Here’s my latest column in the Pittsburgh Tribune-Review. In it, I draw an economic lesson from The New Yorker’s weekly cartoon-captioning contest, in which people are invited to submit captions to accompany uncaptioned cartoons. My vanity compels me to quote at length from the heart of the article.
Think of each uncaptioned cartoon as a capital good. It has the potential to create value (in this case, to make readers laugh). By itself, though, this capital good produces almost no value; without a caption, each cartoon is virtually worthless. The cartoon becomes valuable — it contributes to human satisfaction — only when a clever caption is added to it.
Suppose for a moment that The New Yorker allowed only residents of Manhattan to submit captions. No doubt many submitted captions, when added to the cartoons, would produce the intended humorous result. But editors of the magazine could not be certain that the best possible caption was submitted.
What if, for a particular cartoon, someone living in Brooklyn had an even better idea for a caption? By prohibiting non-Manhattanites from contributing their caption ideas to the cartoons, the caption that would have been submitted by the person in Brooklyn — the caption idea that would have added to the cartoon even more value than is added by the best caption from Manhattan — never is added. Thus, the cartoon — this particular capital good — fails to produce as much value as it would have produced had Brooklynites been among those who were permitted to submit captions.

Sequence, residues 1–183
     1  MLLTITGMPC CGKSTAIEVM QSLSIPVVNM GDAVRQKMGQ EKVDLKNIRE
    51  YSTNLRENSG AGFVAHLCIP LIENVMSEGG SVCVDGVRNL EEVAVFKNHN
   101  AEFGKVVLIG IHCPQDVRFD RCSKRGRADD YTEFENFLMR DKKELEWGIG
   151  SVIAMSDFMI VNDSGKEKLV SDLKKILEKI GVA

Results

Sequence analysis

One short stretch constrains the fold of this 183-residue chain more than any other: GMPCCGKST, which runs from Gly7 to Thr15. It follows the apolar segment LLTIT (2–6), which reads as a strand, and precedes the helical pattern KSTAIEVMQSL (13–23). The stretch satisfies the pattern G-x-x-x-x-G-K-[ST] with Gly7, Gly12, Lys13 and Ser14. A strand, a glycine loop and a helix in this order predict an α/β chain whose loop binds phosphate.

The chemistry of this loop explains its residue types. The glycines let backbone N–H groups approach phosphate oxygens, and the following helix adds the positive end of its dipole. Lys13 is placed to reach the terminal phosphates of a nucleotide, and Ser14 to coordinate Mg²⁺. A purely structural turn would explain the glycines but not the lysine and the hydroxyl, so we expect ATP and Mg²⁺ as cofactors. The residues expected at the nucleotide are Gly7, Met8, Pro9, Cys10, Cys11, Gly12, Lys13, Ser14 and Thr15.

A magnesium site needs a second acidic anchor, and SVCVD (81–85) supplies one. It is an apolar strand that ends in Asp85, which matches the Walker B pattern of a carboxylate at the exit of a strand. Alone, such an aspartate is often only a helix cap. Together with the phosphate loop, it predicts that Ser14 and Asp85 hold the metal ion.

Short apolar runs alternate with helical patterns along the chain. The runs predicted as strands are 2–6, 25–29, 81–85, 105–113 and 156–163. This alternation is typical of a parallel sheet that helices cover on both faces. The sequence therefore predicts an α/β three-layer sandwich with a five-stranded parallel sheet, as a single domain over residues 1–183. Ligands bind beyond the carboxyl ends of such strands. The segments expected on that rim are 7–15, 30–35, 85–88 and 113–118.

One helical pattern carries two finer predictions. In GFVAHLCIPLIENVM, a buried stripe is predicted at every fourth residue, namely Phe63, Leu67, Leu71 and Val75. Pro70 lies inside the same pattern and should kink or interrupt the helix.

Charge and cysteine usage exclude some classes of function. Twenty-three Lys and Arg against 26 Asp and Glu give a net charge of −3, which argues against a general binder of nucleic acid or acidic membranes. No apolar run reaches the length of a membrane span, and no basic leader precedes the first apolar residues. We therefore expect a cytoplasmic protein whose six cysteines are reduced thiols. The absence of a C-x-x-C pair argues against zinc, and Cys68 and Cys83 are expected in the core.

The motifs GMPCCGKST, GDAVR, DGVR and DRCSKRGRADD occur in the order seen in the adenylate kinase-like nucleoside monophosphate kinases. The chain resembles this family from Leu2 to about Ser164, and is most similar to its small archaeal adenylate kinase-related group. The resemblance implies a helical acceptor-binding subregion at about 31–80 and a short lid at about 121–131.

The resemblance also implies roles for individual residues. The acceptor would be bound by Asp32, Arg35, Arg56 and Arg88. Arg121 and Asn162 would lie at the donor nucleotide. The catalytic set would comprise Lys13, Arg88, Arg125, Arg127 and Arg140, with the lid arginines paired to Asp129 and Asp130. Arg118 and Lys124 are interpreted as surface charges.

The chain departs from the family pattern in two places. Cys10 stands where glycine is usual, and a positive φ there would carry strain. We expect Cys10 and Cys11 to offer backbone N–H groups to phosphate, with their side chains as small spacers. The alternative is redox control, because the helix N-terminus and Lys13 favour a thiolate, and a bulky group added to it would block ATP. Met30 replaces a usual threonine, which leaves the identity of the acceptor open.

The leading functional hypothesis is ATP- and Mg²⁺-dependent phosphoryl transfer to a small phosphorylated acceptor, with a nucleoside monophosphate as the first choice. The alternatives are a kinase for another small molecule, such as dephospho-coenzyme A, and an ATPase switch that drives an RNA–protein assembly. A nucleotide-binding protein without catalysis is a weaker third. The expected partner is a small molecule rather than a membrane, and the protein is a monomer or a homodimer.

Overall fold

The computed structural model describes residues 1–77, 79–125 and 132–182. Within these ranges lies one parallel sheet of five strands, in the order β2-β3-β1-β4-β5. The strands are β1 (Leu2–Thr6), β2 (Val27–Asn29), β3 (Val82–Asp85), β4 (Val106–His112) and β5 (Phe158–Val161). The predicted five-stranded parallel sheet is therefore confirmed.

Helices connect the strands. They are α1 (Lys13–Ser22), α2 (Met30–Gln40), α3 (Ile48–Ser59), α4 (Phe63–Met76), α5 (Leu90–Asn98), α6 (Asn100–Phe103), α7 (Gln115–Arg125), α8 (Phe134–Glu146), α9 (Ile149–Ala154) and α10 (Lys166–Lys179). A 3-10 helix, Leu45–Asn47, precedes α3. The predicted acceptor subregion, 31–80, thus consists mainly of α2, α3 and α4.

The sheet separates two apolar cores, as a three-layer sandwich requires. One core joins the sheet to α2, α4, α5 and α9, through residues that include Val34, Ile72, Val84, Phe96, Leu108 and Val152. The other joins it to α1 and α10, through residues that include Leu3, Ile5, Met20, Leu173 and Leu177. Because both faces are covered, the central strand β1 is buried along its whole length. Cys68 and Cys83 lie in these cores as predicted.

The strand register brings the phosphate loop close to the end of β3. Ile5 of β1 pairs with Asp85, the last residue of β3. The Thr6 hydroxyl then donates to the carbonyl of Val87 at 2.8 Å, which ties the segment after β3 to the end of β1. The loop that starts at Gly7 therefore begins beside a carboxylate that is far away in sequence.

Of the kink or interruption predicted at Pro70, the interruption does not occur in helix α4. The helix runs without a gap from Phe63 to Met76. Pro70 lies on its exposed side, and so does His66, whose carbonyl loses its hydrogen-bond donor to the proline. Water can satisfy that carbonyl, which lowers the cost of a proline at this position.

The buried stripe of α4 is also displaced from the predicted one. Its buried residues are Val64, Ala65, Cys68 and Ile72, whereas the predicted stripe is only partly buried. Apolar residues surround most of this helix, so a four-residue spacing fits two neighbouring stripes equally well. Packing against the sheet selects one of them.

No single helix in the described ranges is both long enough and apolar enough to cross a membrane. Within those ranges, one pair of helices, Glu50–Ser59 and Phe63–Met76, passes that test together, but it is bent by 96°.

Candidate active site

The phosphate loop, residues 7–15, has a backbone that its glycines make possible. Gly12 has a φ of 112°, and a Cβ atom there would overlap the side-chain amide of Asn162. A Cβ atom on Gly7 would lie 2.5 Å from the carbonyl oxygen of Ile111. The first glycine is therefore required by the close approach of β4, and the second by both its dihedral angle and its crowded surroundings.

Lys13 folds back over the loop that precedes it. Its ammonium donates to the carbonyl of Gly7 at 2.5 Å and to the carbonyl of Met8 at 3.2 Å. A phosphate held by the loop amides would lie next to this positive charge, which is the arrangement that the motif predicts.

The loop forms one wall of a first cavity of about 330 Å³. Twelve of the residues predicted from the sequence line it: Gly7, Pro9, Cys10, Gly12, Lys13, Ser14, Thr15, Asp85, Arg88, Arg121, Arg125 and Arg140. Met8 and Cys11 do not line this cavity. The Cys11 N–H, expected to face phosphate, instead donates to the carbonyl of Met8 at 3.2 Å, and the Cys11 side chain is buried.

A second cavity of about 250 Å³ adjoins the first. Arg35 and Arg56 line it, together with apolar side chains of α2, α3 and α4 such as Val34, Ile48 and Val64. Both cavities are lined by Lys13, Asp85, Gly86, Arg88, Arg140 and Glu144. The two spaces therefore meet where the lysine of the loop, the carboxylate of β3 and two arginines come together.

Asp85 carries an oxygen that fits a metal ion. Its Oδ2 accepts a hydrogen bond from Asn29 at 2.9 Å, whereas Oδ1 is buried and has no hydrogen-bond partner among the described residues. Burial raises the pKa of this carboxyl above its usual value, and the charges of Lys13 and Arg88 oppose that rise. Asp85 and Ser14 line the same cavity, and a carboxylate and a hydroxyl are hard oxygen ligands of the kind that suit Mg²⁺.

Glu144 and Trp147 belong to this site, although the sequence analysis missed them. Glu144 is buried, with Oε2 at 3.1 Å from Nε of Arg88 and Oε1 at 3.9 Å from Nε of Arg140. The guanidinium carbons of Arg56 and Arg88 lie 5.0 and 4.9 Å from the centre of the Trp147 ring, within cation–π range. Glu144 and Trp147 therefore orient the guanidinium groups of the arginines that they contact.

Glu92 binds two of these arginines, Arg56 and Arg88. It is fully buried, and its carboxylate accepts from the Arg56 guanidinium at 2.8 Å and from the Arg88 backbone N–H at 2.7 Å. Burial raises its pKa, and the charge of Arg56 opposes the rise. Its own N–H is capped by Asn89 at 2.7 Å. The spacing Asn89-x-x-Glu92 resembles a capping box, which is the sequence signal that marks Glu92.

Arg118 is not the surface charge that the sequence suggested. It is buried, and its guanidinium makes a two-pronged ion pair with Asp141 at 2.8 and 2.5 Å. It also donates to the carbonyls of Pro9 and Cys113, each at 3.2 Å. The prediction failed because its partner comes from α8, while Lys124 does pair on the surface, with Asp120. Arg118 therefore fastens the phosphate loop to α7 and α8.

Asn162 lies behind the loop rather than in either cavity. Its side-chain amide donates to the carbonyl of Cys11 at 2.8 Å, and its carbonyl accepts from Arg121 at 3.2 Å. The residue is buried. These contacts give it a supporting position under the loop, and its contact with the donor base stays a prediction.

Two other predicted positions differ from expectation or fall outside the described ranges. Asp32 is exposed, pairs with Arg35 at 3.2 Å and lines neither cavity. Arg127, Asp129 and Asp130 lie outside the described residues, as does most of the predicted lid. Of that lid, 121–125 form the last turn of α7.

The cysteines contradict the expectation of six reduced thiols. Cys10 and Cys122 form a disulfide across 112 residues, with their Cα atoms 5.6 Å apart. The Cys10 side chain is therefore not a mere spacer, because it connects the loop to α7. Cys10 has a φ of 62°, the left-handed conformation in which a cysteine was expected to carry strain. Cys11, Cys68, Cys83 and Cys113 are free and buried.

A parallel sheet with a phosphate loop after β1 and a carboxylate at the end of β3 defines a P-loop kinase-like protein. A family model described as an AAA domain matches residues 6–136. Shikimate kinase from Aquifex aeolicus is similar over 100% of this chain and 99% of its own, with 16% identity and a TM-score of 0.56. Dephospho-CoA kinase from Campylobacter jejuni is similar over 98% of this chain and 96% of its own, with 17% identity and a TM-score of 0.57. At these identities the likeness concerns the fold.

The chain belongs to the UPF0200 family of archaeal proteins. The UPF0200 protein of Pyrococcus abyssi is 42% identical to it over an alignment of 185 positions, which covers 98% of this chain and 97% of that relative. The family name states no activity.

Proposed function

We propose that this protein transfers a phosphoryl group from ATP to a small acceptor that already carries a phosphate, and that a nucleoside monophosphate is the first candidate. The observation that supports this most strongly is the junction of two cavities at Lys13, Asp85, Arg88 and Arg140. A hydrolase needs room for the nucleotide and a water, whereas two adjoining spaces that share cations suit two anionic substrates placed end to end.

Sadly, though, no one ever learns this fact. The winning caption submitted from Manhattan might be judged by everyone to be excellent. But because the even better caption from Brooklyn never materializes, no one ever discovers just how funny that cartoon could be.
If the goal is to ensure maximum value of this particular capital good (a weekly uncaptioned cartoon), clearly it is advisable to have larger, rather than smaller, numbers of people able to try their minds at devising clever captions. With everyone in the world free to contribute captions, each cartoon is joined with cleverer and more creative captions than would be the case if only Manhattanites — or only residents of New York state, or even only Americans — were allowed to submit captions.
The very same process is true of factories and machines and workers. It might be that the entrepreneur with the best idea for how to use a particular factory and its machines and workers to produce maximum value is an American. But fewer than 5 percent of the world’s people live in America. So it is inevitable that the best and most creative ideas for how to use particular assets that are located in America will often be possessed by non-Americans.